Newspaper accuses Ivanhoe of dirty tricks in Limpopo

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A Canadian newspaper has accused that country’s Ivanhoe mining company of buying off traditional leaders and of cheating villagers to get its massive Platreef Project underway in South Africa’s Limpopo province.

The report in the Toronto-based Globe and Mail says officials including one from Ivanhoe Mines Ltd paid 82-year-old Raesetsa Makgabo R5 250 in compensation for the loss of her fields, but told her she would lose her state old-age grant of R1370 a month if she refused the offer. The newspaper says similar deals were struck with other members of the community.

The state pension is awarded to anyone over the age of 60 who has an annual income below R49 200 a year. Registering for the grant in South Africa’s former homelands can require documentation from a local chief or headman.

“Under an unresolved South African legal vacuum, both the tribal councils and the national government share jurisdiction over communal land in the apartheid system’s former black “homelands” such as the Platreef region. So the Canadian company has focused on winning support from the traditional council, while also forging links to the African National Congress, the national ruling party,” the report said.

The newspaper said Ivanhoe had acknowledged paying Vaaltyn Kekana, the chief or Kgosi of the traditional community at Mokopane, R30 000 a month and giving him the use of a computer and a farm. The newspaper said Ivanhoe gave similar benefits to village mining committees.

“The current chief, Vaaltyn Kekana, was inaugurated in 2003 after the previous chief died. Many community members supported an older rival, considering him a more legitimate heir to the title. But the ANC government gave its blessing to Mr. Kekana and urged the Canadian mining company to negotiate with the chief,” the Gobe and Mail reported on Friday.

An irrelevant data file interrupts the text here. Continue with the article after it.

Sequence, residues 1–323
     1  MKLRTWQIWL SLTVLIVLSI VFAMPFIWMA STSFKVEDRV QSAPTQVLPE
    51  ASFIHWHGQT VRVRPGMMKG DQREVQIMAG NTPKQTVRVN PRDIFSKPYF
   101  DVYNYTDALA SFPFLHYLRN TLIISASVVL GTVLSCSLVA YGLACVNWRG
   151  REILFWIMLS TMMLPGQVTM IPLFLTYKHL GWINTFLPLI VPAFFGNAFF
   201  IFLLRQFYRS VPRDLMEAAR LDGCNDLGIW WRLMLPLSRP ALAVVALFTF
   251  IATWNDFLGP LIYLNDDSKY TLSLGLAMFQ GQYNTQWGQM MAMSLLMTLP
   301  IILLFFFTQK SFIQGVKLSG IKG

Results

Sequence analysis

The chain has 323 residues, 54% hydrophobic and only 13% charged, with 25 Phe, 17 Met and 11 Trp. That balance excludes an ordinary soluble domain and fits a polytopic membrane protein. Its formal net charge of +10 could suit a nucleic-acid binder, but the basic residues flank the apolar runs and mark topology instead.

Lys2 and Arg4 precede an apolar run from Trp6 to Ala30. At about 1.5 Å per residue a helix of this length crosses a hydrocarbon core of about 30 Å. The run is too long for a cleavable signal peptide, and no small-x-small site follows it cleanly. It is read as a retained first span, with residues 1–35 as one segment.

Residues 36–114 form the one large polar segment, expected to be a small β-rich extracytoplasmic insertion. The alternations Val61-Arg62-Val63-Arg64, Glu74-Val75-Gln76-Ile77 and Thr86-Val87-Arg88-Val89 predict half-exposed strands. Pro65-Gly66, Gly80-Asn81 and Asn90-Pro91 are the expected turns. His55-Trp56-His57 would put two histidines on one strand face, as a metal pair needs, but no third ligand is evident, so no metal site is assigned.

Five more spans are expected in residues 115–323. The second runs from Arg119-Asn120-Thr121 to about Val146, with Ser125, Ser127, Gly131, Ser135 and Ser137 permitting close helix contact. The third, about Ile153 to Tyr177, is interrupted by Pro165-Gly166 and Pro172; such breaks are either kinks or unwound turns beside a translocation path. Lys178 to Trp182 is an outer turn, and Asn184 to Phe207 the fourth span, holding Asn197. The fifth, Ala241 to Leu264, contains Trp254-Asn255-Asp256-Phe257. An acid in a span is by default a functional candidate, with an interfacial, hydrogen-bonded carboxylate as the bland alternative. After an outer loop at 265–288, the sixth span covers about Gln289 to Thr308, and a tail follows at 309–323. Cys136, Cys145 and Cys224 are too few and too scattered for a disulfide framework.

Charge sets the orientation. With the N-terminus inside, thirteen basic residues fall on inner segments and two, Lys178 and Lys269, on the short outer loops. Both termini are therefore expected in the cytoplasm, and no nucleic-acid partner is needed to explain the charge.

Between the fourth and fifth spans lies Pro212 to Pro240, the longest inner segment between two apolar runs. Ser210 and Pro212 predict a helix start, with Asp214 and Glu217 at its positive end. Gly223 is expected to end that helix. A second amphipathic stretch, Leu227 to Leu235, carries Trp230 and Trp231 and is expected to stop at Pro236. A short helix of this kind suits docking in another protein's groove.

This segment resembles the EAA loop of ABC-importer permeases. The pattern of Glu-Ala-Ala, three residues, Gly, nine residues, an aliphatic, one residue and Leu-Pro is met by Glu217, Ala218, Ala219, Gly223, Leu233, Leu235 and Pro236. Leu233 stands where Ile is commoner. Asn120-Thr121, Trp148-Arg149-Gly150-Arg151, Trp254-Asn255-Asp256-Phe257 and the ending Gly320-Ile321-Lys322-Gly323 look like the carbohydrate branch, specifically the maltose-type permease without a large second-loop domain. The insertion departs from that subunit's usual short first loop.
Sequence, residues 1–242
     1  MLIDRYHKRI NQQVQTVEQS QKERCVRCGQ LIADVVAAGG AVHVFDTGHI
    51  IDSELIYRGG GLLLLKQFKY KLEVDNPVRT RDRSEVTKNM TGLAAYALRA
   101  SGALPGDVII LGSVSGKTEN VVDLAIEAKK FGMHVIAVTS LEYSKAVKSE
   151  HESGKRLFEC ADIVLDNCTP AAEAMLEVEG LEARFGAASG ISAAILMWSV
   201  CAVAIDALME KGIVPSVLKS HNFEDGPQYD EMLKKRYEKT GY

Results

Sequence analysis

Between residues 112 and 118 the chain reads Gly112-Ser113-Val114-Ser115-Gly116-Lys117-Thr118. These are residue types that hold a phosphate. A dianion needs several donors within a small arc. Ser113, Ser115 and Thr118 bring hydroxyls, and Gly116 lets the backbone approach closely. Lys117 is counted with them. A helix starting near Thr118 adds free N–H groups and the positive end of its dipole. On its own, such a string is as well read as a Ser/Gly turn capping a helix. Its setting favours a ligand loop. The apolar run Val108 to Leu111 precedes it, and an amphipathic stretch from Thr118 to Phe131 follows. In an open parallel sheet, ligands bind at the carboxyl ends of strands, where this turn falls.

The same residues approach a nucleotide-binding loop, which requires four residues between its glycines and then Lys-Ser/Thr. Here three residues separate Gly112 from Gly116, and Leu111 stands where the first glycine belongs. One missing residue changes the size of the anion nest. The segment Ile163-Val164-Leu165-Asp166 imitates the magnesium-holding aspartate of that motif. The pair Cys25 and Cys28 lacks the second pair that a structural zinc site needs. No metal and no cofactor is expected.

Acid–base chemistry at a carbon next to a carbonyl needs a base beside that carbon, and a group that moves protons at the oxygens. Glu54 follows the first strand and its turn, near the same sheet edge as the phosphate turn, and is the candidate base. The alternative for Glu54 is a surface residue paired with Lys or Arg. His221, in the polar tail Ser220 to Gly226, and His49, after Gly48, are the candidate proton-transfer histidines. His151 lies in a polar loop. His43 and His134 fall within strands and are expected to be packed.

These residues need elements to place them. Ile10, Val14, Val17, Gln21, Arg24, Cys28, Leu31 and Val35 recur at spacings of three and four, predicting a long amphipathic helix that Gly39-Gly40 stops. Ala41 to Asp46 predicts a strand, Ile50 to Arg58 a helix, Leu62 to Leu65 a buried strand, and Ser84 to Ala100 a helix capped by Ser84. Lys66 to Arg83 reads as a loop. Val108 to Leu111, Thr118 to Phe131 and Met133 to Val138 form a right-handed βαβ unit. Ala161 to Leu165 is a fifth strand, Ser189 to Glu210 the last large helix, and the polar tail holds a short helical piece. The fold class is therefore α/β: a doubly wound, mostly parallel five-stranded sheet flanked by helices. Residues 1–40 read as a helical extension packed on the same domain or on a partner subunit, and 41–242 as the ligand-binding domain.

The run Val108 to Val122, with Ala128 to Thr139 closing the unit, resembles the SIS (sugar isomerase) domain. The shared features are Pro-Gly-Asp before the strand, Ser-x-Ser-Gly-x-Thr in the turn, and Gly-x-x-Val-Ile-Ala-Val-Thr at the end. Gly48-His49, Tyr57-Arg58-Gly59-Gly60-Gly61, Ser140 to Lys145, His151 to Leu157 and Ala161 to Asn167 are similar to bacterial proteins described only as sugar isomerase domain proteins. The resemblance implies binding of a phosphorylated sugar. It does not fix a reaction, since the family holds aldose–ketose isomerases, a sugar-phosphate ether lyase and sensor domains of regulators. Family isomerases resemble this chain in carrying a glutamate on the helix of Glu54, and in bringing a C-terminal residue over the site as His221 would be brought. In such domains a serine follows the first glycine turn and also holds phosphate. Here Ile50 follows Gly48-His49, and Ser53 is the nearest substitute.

The newspaper said other residents claimed they were threatened with the loss of welfare grants, fields and access to ancestral graves if they did not cooperate.

Ivanhoe was granted a 30-year renewable mining right for the Platreef Project in June 2013. The company was given a final go-ahead in November. The Platreef Project is 64% owned by Ivanhoe, with Japanese investors holding another 10% and black economic empowerment partners holding the 26% stake required in terms of the South African mining charter.

The $1.7 billion project is expected to be the biggest and most lucrative platinum mine in the world. Ivanhoe has said it will create 10 000 jobs and benefit 150 000 residents in the area. With a mining landscape as fraught as South Africa’s, there is a need for further research and investigative journalism that interrogates the stories behind the mining deals.

Read the full report from The Globe and Mail.

opinion-grey Brendan Boyle is a senior researcher at the Rural Women’s Action Research Project.
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